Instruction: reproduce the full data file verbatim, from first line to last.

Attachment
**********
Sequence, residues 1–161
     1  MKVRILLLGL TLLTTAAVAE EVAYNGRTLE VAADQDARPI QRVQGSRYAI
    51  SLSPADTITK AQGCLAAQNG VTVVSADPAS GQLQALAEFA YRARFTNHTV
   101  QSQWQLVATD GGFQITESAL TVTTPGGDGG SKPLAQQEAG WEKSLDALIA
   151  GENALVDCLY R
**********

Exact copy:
Sequence, residues 1–161
     1  MKVRILLLGL TLLTTAAVAE EVAYNGRTLE VAADQDARPI QRVQGSRYAI
    51  SLSPADTITK AQGCLAAQNG VTVVSADPAS GQLQALAEFA YRARFTNHTV
   101  QSQWQLVATD GGFQITESAL TVTTPGGDGG SKPLAQQEAG WEKSLDALIA
   151  GENALVDCLY R